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Tuesday, 13 November 1973
Page: 3259

Mr Donald Cameron (GRIFFITH, QUEENSLAND) - On 27 September 1973 during the debate on the Post and Telegraph Rates Bill I drew the attention of the Postmaster-General (Mr Lionel Bowen) to the fact that the change that the Post Office had made in the maximum weight of a letter which may be posted at the ordinary rate would be a tremendous imposition on the

Australian people who, in their customary habit, send greetings via Christmas cards. At that time the Postmaster-General retaliated by saying, as reported at page 1691 of Hansard of 27 September:

The industry was advised as far back as last May of the metric weight allowance for Christmas cards;

He uttered these words together with a few others in answer to my statement that night. On reflection this would indicate that the Postmaster-General and his Department had given the Christmas card printing industry a forewarning of the provisions of the Budget. Yet the Government prides itself on the manner in which it kept secret the contents of the Budget. I would like the Minister to elaborate at some stage this evening why his Department, some 5 months after his Government came to power and some 3 months before the Budget was brought down, told Christmas card manufacturers that they had to make changes because his Department would change the allowable weight.

Mr Lionel Bowen (KINGSFORD-SMITH, NEW SOUTH WALES) - The change was made in the previous year. You are 12 months behind.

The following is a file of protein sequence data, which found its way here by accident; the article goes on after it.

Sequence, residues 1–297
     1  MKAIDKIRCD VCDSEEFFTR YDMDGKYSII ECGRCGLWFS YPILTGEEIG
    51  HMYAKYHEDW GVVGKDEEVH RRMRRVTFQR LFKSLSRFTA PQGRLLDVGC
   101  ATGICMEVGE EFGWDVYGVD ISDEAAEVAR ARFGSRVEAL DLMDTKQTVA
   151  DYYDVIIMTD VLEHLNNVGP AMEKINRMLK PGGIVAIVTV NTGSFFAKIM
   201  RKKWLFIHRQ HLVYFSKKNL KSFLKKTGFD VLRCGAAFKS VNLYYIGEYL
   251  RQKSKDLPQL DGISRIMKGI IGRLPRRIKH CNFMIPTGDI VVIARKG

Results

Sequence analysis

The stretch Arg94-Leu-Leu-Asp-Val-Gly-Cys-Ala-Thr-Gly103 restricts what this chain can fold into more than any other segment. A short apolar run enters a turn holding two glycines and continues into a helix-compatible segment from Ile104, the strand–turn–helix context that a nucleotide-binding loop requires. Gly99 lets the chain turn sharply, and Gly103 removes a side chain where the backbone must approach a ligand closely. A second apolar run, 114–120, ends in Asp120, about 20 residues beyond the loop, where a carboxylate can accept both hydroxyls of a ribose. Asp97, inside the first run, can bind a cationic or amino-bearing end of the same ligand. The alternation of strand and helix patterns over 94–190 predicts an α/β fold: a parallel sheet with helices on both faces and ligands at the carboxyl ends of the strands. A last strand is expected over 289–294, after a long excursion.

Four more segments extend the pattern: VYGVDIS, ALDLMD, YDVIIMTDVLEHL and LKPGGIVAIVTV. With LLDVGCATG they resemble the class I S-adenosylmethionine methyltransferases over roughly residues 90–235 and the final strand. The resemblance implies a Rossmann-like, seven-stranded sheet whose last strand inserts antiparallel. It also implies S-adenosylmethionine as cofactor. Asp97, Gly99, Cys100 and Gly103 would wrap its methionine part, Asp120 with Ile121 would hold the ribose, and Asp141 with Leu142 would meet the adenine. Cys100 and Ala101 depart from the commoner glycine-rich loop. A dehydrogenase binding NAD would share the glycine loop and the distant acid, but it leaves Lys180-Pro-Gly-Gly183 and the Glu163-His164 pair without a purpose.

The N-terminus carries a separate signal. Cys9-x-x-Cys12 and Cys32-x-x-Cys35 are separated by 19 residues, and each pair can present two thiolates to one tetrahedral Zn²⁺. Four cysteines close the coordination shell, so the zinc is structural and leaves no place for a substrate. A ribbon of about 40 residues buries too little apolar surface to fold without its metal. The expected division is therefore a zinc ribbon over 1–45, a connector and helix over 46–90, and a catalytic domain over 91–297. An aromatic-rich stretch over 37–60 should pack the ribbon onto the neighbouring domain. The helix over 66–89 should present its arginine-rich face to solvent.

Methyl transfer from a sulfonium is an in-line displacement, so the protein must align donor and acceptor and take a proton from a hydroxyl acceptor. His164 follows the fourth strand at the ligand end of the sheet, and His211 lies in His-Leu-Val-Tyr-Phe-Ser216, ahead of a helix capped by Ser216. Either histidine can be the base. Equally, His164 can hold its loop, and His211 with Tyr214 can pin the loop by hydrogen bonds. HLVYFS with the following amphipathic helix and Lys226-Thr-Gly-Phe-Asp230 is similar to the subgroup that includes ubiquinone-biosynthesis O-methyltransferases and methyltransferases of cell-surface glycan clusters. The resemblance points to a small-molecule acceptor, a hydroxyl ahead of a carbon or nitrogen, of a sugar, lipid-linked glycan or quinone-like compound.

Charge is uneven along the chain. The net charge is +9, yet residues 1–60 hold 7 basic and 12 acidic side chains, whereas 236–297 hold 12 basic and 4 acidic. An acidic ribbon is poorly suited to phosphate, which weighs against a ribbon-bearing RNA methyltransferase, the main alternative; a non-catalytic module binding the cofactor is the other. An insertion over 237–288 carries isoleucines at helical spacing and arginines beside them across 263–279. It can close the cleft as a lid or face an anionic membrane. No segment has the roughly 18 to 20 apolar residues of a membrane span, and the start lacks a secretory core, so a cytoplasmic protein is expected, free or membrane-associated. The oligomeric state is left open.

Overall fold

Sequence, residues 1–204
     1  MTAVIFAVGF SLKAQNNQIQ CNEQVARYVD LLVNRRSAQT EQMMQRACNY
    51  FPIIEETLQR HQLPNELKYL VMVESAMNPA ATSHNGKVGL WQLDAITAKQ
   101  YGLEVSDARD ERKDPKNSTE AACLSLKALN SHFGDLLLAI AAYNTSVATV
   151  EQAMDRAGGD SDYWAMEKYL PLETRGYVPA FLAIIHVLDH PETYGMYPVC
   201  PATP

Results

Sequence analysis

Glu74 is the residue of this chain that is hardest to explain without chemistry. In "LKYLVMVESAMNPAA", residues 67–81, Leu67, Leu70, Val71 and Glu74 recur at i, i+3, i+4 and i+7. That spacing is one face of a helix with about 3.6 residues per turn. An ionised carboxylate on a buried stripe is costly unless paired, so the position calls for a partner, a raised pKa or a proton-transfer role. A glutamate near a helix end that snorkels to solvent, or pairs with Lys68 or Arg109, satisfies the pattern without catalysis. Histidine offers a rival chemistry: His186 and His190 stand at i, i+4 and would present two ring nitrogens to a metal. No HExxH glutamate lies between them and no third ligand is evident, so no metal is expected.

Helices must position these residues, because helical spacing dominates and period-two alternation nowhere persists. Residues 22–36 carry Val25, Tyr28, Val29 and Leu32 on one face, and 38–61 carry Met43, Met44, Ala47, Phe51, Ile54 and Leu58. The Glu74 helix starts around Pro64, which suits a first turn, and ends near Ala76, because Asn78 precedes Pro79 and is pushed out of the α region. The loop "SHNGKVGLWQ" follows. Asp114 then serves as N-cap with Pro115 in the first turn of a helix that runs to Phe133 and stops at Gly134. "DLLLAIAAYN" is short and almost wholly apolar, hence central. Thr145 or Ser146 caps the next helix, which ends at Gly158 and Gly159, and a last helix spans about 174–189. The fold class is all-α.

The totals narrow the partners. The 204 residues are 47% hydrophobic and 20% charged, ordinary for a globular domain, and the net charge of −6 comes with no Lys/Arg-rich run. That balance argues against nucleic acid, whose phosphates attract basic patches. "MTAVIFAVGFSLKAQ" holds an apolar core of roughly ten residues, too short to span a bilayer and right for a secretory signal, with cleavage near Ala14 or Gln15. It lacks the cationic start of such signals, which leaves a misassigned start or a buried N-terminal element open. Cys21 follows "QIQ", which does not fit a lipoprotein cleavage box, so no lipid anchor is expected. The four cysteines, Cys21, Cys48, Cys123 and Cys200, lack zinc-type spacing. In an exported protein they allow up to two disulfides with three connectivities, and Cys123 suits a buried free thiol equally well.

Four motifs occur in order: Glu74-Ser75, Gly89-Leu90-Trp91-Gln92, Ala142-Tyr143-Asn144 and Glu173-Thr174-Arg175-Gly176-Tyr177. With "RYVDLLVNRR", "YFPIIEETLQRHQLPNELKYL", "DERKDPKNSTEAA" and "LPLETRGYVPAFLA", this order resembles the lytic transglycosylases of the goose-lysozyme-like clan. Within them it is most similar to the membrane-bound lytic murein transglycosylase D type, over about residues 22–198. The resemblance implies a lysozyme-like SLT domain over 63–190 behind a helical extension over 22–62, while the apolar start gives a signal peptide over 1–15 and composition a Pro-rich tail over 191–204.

Mr Donald Cameron (GRIFFITH, QUEENSLAND) - The Minister has just interjected and said that the changes were made in the previous year. I will pick that one up. Why on earth did the Minister issue a Press release a few weeks ago stating to the people of Australia that suddenly he had changed his mind and that if Christmas cards weighed a little more than 20 grams they would be allowed through at the lower rate? These are some of the things we would like to have clarified, because it seems that there is a degree of inconsistency at the present time. I notice my friends in the Country Party agreeing with me.

There are a number of other questions I would like to raise tonight. This is the first Estimates debate that the Minister has had to face in this Parliament as PostmasterGeneral. These are the questions I ask: Firstly, why is it that it costs 21 cents in United States currency, which is equivalent to 15c in Australian currency to send a letter weighing i oz from the United States to Australia when it costs us in our currency from 30c to 35c to send a letter to the United States?

Mr Whittorn - It is all wrong.